I had a hard time connecting with this book. When I looked back, I also had the same problem with the first book in the series. It didn't flow well for me, but may just be my personal reading tastes. I did really like the biblical faith thread that clearly stated the gospel message. I think the hardest thing for me to get past in the book was the historical inaccuracies. There were several issues with dress and hair styles that were inaccurate for the period (dresses closing on wrong side [front/back] of dress for the age of the person, buns on top of head or down loose instead of at the nape of the neck, no hoops, wearing what would be a ball gown style during the day, etc ) and there were several things that appeared in the book before they actually existed [police wagons (1899), Miranda rights (1966), State prison (1891)] These were all easily found with a simple internet search, so it seems like they wouldn't have been hard to double check.  After two books that didn't connect with me, I will probably not be very eager to read another of Sharlene MacLaren's books. Other readers may not have a problem with the writing style or the historical problems, though.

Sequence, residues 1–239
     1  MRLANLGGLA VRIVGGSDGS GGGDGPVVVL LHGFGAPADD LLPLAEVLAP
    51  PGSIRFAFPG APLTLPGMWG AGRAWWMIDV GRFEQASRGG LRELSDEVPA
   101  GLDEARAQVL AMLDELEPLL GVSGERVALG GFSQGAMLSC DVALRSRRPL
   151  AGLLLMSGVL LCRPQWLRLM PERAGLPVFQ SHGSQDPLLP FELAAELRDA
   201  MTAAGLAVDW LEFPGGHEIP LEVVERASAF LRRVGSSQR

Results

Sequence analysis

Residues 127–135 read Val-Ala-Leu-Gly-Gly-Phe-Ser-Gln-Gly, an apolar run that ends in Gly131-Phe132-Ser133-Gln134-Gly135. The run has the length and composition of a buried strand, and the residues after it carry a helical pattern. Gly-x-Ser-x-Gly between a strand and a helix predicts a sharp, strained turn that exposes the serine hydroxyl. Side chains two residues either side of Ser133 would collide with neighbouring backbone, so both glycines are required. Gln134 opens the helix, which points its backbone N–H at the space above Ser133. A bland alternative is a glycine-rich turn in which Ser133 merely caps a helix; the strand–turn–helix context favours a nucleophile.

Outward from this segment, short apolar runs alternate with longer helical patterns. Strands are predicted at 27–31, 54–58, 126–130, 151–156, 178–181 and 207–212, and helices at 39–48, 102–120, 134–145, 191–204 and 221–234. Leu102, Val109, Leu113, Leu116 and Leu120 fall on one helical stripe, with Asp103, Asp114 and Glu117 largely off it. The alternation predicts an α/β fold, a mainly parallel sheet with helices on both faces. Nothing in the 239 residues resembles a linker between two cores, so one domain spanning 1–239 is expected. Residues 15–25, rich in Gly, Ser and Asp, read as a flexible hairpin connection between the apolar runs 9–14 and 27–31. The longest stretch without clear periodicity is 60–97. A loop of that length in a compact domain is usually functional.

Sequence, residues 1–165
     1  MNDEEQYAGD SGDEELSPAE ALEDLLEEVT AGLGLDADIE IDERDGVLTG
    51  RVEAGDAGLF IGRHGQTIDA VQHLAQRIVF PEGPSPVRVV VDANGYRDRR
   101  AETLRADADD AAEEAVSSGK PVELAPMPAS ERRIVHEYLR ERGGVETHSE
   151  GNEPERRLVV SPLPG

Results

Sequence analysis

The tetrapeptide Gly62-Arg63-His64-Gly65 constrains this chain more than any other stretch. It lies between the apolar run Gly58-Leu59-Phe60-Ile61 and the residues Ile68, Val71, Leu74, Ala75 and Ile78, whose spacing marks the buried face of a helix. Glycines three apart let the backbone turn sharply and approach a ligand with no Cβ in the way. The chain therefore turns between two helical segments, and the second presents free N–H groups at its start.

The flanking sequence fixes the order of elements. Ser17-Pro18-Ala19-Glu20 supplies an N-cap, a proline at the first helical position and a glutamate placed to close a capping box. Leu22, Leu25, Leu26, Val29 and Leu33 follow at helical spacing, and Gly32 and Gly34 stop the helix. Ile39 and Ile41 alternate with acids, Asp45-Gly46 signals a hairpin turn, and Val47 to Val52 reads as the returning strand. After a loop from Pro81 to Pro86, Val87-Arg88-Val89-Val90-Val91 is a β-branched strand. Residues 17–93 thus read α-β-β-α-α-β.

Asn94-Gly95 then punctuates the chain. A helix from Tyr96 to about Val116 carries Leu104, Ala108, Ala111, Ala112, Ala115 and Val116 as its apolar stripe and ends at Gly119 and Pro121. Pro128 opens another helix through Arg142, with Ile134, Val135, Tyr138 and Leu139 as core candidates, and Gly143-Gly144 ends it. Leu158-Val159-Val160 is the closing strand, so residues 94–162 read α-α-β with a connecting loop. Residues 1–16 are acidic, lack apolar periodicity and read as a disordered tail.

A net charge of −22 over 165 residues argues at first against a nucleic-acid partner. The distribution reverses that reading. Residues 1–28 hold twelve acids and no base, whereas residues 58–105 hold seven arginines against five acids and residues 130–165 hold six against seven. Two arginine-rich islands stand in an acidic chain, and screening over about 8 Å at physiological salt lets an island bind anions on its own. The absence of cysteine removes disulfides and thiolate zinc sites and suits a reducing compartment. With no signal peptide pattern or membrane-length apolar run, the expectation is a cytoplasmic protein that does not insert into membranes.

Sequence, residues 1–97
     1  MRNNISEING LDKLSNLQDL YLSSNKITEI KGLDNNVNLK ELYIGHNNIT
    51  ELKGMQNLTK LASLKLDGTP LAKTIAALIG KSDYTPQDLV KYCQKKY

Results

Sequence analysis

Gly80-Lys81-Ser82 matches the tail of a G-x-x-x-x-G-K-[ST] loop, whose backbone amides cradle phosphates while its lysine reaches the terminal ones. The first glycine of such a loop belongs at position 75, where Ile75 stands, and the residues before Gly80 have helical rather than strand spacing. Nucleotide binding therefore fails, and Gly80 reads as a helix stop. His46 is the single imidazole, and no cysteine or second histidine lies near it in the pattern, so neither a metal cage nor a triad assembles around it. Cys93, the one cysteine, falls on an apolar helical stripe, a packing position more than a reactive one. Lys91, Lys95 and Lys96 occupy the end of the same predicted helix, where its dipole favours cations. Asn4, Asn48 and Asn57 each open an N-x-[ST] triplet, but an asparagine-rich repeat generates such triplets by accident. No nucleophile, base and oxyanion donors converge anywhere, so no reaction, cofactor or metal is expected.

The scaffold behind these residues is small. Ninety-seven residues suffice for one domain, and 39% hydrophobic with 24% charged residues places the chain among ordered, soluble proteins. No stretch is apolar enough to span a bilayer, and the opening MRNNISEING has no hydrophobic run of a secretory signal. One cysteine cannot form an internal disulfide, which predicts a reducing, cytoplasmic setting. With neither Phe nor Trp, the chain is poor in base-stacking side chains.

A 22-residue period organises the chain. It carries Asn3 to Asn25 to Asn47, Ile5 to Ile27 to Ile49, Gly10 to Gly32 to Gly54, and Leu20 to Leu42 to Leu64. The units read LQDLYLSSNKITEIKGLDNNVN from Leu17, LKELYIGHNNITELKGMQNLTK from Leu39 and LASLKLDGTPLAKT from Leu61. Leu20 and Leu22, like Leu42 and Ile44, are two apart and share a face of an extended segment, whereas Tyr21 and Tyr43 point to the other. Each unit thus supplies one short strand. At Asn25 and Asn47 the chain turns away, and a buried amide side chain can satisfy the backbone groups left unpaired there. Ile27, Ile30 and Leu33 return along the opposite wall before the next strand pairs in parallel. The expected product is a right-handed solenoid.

Click here to get your copy!

About the Author

Born and raised in west Michigan, Sharlene MacLaren attended Spring Arbor University. Upon graduating with an education degree in 1971, she taught second grade for two years, then accepted an invitation to travel internationally for a year with a singing ensemble. After traveling for a year, she returned to her teaching job, then in 1975, she reunited with her childhood sweetheart, and they married that very December. They have raised two lovely daughters, both of whom are now happily married and enjoying their own families. Retired in 2003 after thirty-one years of teaching, Shar loves to read, sing, travel, and spend time with her family—in particular, her adorable grandchildren!

Shar has always enjoyed writing, and her high school classmates eagerly read and passed around her short stories. In the early 2000s, Shar felt God’s call upon her heart to take her writing pleasures a step further, so in 2006, she signed a contract with Whitaker House for her first faith-based novel, Through Every Storm, thereby launching her professional writing career. With more than twenty published novels now gracing store shelves and being sold online, Shar gives God all the glory.
Shar’s novels have won numerous awards. Her Steadfast Heart is her twenty-first novel and the second book in her Hearts of Honor series (after Her Rebel Heart).
Shar has done numerous countrywide book signings and has participated in several interviews on television and radio. She loves to speak for community organizations, libraries, church groups, and women’s conferences. In her church, she is active in women’s ministries, regularly facilitating Bible studies and other events. Shar and her husband, Cecil, live in Spring Lake, Michigan, with their beautiful white collie, Peyton.

Shar loves hearing from her readers. If you wish to contact her as a potential speaker or would simply like to chat with her, please send her an e-mail at She will do her best to answer in a timely manner.